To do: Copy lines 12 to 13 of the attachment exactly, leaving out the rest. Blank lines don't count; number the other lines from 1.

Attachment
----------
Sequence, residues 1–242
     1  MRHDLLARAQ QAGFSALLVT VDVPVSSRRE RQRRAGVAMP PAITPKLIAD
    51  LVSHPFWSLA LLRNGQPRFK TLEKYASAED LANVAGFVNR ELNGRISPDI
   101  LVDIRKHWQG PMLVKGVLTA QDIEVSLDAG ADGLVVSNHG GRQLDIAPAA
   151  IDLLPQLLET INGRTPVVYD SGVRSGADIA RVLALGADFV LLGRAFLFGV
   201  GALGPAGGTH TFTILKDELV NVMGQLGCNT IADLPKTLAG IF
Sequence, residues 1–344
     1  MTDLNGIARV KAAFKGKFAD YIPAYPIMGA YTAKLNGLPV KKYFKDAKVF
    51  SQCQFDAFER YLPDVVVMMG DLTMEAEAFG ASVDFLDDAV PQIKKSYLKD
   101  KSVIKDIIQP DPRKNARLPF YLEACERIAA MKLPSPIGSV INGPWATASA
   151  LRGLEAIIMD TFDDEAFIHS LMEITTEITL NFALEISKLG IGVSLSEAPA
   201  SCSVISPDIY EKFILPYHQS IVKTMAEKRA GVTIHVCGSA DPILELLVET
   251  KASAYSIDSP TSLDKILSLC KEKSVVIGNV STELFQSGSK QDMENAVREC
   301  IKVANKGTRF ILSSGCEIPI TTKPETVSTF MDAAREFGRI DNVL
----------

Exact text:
   201  SCSVISPDIY EKFILPYHQS IVKTMAEKRA GVTIHVCGSA DPILELLVET
   251  KASAYSIDSP TSLDKILSLC KEKSVVIGNV STELFQSGSK QDMENAVREC